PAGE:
Ronald Stuart Hardman, known for years as the voice of the California Highway Patrol in Modesto, died Monday morning at Doctors Medical Center after battling heart disease. He was 73.
Mr. Hardman "set the standard for public affairs officers in Modesto just by being the person he was," said Tom Killian, the current CHP spokesman. Mr. Hardman gave the CHP's traffic and fog reports on the radio for 12 years during the 1970s and 1980s.
Friends and family described him as "one of the good guys," a man with a big smile who loved practical jokes, ball games, golf and camellias.
Mr. Hardman was a charter member of the Sportsmen of Stanislaus and a member of Modesto's First Baptist Church. He worked for the Modesto Police Department from 1955 to 1958, then joined the CHP. Most recently, he was a safety officer for Storer Transportation.
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He had a softer side, too. He grew, showed and judged camellias with his wife, Pat, for the Camellia Society of Modesto.
Mr. Hardman retired from the CHP in 1984 after working for the agency for 26 years, serving 15 of those as its local spokesman.
"He always seemed to be first on the scene," said former Stanislaus County Sheriff Les Weidman, who often ran into Mr. Hardman while working the graveyard shift as a deputy in south Modesto.
Until earlier this summer, Killian said, Mr. Hardman stopped by the Modesto CHP office monthly to ask how things were going and offer fatherly advice.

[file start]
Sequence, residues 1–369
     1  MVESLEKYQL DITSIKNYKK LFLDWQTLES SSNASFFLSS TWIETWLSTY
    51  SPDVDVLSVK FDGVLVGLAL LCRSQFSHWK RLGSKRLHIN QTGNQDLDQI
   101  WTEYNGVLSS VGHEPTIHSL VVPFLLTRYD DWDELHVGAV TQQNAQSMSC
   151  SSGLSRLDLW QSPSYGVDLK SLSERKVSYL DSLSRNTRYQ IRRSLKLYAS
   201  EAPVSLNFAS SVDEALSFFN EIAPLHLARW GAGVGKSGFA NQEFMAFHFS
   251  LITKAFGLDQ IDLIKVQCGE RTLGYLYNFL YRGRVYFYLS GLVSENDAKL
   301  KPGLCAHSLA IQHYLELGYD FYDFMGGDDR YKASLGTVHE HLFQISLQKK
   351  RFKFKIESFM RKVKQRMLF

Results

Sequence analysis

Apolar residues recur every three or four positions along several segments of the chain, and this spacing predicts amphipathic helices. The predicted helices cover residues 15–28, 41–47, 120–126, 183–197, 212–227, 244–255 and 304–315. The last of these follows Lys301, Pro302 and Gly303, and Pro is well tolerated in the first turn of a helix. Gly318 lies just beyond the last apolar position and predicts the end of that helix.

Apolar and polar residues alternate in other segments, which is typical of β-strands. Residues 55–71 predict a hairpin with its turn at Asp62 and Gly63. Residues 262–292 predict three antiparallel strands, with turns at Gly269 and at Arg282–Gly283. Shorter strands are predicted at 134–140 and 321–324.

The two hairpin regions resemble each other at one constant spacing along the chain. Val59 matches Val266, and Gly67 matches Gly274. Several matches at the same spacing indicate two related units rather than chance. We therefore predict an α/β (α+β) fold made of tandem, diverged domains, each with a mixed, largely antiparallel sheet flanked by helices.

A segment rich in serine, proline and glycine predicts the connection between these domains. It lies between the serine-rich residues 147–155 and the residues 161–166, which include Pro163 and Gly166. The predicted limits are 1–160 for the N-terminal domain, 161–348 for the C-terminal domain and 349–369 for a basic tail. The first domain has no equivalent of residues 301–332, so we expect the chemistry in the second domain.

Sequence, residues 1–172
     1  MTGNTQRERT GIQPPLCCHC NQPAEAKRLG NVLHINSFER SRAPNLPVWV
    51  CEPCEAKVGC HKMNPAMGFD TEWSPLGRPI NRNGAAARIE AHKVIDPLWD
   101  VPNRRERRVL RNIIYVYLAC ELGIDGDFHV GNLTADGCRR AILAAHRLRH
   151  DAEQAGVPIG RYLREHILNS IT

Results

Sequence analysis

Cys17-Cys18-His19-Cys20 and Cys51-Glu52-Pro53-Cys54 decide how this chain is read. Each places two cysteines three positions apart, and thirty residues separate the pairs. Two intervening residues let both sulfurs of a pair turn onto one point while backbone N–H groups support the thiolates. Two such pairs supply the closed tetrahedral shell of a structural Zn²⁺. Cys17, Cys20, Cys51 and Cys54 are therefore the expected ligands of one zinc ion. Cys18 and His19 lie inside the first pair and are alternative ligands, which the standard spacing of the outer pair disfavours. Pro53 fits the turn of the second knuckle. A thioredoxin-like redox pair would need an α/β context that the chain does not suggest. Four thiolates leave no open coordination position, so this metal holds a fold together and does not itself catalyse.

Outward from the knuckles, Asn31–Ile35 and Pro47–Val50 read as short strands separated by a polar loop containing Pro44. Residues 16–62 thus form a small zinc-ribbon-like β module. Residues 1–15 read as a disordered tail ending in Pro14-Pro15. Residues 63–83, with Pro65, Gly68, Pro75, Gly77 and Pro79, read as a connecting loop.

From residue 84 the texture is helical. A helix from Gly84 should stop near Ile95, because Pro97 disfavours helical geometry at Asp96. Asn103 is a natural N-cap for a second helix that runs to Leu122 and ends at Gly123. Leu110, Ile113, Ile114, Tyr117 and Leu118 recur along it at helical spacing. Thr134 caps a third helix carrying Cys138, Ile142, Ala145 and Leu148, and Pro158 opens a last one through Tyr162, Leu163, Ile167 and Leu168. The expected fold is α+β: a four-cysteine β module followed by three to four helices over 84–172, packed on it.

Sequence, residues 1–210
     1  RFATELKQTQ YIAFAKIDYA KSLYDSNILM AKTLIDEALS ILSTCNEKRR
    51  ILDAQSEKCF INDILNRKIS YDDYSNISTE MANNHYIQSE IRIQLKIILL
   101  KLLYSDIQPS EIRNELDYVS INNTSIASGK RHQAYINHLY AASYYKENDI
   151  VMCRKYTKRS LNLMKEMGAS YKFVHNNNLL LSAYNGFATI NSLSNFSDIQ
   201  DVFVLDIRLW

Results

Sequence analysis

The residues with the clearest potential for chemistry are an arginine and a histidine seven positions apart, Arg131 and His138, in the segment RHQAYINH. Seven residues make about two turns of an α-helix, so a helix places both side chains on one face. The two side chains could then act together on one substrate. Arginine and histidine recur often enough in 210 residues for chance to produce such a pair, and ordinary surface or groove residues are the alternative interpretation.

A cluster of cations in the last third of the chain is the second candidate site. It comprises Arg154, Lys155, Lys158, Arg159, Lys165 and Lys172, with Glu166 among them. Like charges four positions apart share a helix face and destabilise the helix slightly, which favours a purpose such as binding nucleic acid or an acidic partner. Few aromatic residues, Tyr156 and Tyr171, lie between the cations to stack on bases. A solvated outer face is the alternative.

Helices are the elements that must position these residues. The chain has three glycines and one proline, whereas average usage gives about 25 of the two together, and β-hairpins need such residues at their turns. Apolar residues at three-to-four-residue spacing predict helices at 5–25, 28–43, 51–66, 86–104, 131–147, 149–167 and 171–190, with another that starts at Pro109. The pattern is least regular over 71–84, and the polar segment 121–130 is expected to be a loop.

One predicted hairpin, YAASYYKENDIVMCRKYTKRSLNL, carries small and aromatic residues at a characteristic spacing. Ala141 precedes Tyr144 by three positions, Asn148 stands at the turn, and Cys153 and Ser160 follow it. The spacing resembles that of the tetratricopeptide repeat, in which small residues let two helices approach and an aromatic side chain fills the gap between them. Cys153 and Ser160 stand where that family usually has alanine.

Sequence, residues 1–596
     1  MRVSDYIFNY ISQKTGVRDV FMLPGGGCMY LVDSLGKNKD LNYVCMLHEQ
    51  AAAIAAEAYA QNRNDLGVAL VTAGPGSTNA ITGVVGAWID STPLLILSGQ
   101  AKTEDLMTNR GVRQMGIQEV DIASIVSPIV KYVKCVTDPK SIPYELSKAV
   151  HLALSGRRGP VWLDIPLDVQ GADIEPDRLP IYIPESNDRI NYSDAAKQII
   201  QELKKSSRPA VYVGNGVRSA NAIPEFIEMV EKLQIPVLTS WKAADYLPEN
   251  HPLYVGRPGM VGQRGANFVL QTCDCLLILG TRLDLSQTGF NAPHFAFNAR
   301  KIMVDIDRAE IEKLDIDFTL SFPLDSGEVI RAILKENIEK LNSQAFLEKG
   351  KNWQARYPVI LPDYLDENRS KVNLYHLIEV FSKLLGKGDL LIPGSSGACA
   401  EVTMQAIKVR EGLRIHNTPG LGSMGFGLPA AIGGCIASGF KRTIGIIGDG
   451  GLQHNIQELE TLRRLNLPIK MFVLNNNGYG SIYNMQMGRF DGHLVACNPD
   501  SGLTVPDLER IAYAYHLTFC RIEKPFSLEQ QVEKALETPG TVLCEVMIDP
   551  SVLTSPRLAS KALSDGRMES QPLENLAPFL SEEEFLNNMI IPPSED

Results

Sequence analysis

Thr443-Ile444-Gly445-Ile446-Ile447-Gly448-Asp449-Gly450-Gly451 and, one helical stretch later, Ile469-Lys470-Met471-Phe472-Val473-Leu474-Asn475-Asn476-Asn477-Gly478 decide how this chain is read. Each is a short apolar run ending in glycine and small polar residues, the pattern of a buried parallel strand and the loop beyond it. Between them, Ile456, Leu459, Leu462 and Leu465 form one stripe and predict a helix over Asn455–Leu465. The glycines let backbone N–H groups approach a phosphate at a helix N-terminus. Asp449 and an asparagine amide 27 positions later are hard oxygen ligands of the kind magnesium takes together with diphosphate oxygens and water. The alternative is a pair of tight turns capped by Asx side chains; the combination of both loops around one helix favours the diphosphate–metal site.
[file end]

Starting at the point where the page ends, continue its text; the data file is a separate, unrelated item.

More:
"Be yourself, be professional, have fun," are the words from Mr. Hardman that Killian said he will remember, and added that Mr. Hardman was a mentor to succeeding CHP spokesmen. Mr. Hardman emphasized a personal, respectful, friendly approach, spurning official words and an authoritarian attitude.
"When you give someone a traffic ticket, your goal is to have them thank you for it," his son, Scott Hardman, remembers his father telling him when the younger Hardman was a Stanislaus County sheriff's deputy. During his early years, deputies called him "Ron" or even "Hardman's son," because his father's legacy was so great, he said.
Mr. Hardman loved working with children, going into Modesto schools to teach bicycle and traffic safety, said his wife.
Donald L. Kendall, one of Mr. Hardman's best friends, recalled "always knocking around" with him, panning for gold in the mountains outside Sonora and attending football games at Modesto High School, from which they both graduated in the early 1950s. The men called each other "Skippy" as a name of endearment. Kendall couldn't remember the origin of the nickname, which they started using in 1960s.
"Skippy" wasn't his only nickname.
"I always called him 'Buddy,' because he was my buddy," said son-in-law Isaac Enwia, who described Mr. Hardman as gentle and understanding. "He was just a good guy."
Along with his wife and son, Mr. Hardman is survived by daughter Julie Enwia of Modesto, three grandchildren and one great-grandchild. He also leaves one brother, Max Hickle of Munroe Falls, Ohio.
There will be a memorial serv-ice at 10 a.m. Thursday at the First Baptist Church of Modesto, 808 Needham St.
Remembrances may be sent to the American Heart Association at 1710 Gilbreth Road, Burlingame, 94010-1795.
Bee staff writer Emilie Raguso can be reached at email@example.com or 578-2235.